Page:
Already on June 4, Powell, speaking at a Federal Reserve conference in Chicago, said that the Fed was ready “to help sustain the recovery with whatever is necessary.” Powell said, clearly referring to a return to QE, “Perhaps it is time to retire the term ‘unconventional’ when referring to tools that were used in the crisis. We know that tools like these are likely to be needed in some form in the future.”

But the Federal Reserve’s readiness to head back toward zero rates was extraordinary, considering that in May the Fed itself issued a report, and Powell a statement on it, about the growing danger of high-risk corporate debt which, it warned, is at levels relative to GDP, higher than immediately before the 2008 crash. An article in Forbes June 3, showed that the volume of leveraged loans in the U.S. economy has nearly tripled since 2007, while that of junk bonds (still the larger amount) has more than doubled. Between them, they are $3.5 trillion of the $14 trillion in U.S. non-financial corporate debt, with additional corporate debt steadily falling into these “junk debt” categories.

It is this bubble that the Federal Reserve is most concerned to “sustain” by now heading back toward QE.

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CC 4.0/Michael Pleskowicz
The Bank for International Settlements headquarters in Basel, Switzerland.

But the so-called “central bank of central banks,” the Basel, Switzerland-based Bank for International Settlements (BIS), warned again of a bank crash from corporate over-indebtedness in the advanced economies, in its Annual Economic Report released June 30. The Guardian’s headline about the report, “Corporate Debt Could Be the Next Sub-Prime Crisis, Warns Banking Body,” was typical; it added a blurb: “Group for central banks says borrowing by firms with low credit scores is growing alarmingly, especially in U.S. and U.K.”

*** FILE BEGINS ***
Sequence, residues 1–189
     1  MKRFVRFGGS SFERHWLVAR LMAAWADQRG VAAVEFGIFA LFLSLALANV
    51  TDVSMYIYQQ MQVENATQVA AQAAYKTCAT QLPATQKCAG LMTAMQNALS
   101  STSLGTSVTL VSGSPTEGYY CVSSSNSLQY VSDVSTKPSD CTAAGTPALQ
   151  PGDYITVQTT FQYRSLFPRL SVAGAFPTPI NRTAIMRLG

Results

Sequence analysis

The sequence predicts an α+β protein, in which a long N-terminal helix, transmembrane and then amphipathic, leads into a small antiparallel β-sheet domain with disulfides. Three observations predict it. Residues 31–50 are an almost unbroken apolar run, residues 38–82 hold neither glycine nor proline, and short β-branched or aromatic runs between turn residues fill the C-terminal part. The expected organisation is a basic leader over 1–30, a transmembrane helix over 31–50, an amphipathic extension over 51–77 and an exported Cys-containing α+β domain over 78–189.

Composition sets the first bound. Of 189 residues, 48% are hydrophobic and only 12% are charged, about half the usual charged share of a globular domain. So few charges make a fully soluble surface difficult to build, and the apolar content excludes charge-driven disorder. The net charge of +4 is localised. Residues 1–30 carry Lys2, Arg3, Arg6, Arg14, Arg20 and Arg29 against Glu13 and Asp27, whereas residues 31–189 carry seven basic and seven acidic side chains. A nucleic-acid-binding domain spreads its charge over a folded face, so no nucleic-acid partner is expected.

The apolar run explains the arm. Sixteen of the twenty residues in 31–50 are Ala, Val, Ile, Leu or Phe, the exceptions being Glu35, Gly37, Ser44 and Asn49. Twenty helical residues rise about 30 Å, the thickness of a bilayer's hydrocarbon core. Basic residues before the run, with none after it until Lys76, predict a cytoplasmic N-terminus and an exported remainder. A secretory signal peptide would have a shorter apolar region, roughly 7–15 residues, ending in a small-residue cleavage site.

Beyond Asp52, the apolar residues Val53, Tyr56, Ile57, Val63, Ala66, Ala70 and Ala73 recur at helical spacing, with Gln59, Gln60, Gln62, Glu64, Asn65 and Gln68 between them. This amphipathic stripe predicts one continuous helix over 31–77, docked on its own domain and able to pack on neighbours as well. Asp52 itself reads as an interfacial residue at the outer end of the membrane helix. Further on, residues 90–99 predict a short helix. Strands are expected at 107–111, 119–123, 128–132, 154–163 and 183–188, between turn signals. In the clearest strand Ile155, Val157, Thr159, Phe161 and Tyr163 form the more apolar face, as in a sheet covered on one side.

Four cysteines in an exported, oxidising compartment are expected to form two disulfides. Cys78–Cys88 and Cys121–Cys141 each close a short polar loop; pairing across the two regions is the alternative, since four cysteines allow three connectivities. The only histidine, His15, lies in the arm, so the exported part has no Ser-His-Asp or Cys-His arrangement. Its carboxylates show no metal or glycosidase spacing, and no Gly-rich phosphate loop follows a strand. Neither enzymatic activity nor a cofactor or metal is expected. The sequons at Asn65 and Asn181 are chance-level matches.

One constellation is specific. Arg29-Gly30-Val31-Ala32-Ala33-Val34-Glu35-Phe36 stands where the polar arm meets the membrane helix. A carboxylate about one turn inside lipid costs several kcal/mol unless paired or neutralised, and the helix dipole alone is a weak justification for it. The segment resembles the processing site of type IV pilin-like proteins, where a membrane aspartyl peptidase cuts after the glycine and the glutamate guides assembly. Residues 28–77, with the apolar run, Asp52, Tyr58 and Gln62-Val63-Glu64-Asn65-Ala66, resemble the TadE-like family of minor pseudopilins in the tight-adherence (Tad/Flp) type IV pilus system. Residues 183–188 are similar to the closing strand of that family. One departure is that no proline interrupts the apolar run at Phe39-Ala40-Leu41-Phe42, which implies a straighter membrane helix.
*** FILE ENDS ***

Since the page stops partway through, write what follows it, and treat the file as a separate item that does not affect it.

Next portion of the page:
Unlike the many other warnings by regulators about the bubble of “leveraged loans” and their financial derivatives—which claim the major banks are safe and only the “shadow banks” are threatened with this bubble imploding—the BIS June 30 report directly stated that the megabanks are in danger. It said the $3.5 trillion market in what are leveraged loans—loans to already over-indebted corporations, now dominating whole economic sectors such as oil/gas and retail in the United States—is greatly “overheated,” and could lead to a “bank panic” as did the sub-prime mortgage bubble in the 2007-08 global financial crash.

The BIS report adds that, even though major banks insist they own only the safest tranches of the collateralized loan obligations (CLOs) made up of these over-leveraged corporate debts, those major banks will be hit hard if there are large numbers of defaults in these sectors.

That is exactly what is now coming on. The big London and Wall Street banks also thought they were playing it safe with the collateralized debt obligations (CDOs) made up of sub-prime mortgage securities in the 2004-07 period, when they kept only the AAA- or AA-rated tranches of those CDOs. When the mortgage securities bubble imploded, Morgan Stanley infamously led the way by suddenly losing $14 billion in this manner.

The BIS report concluded,